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Do Predictors of Health Facility Delivery Among Reproductive-Age Women Differ by Health Insurance Enrollment? A Multi-Level Analysis of Nigeria's Data
Authors: Xiaomei Zhang, Muhammad Khalid Anser, Rolle Remi Ahuru, Zizai Zhang, Michael Yao-Ping Peng, Romanus Osabohien and Mumal Mirza
Source: Frontiers in Public Health, DOI:
Topic(s): Health care utilization
Health equity
Women's health
Country: Africa
Published: APR 2022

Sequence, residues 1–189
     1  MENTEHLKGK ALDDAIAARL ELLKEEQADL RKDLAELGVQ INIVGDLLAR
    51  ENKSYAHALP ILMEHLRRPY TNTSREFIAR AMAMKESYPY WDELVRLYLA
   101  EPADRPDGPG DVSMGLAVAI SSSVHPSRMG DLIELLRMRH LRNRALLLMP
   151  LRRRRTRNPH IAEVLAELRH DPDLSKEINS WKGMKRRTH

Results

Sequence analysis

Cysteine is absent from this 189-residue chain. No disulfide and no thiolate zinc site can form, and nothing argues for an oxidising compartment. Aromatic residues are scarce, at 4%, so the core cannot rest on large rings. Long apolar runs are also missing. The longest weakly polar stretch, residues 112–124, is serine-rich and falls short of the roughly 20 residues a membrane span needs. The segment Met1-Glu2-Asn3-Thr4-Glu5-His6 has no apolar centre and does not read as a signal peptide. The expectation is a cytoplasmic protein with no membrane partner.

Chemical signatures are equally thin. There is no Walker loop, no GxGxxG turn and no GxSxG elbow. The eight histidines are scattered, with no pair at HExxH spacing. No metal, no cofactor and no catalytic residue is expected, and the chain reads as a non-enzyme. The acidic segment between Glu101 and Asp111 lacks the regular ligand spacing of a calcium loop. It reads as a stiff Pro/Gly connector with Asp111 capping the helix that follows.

Abstract: This study aims to compare determinants of health facility delivery for women under a health insurance scheme and those not under a health insurance scheme. Secondary data drawn from the National Demographic and Health Survey was used for the analysis. The characteristics of the women were presented with simple proportions. Binary multilevel logistic regression was used to examine the determinants of health facilities for women who enrolled in health insurance and those who did not. All statistical analyses were set at 5% level of significant level (p = 0.24). The result showed that 2.1% of the women were under a health insurance scheme. Disparity exists in health insurance ownership as a higher proportion of those enrolled in health insurance were those with higher education attainment, in urban parts of the country, and those situated on higher wealth quintiles. There is a significant difference between those with and those without health insurance. It implies that a higher proportion of women who enrolled in health insurance delivered in health facility delivery compared to those who do not. The unique determinants of health facility delivery for women under health insurance were parity and birth order, while unique determinants of health facility delivery for women not enrolled in health schemes were employment status, marriage type, and geopolitical zones. Uniform predictors of health facility delivery for both groups of women were maternal education, household wealth quintiles, autonomy on healthcare, number of antenatal contacts, residential status, community-level poverty, community-level media use, and community-level literacy. Intervention programs designed to improve health facility delivery should expand educational opportunities for women, improve household socioeconomic conditions, target rural women, and encourage women to undertake a minimum of four antenatal contacts.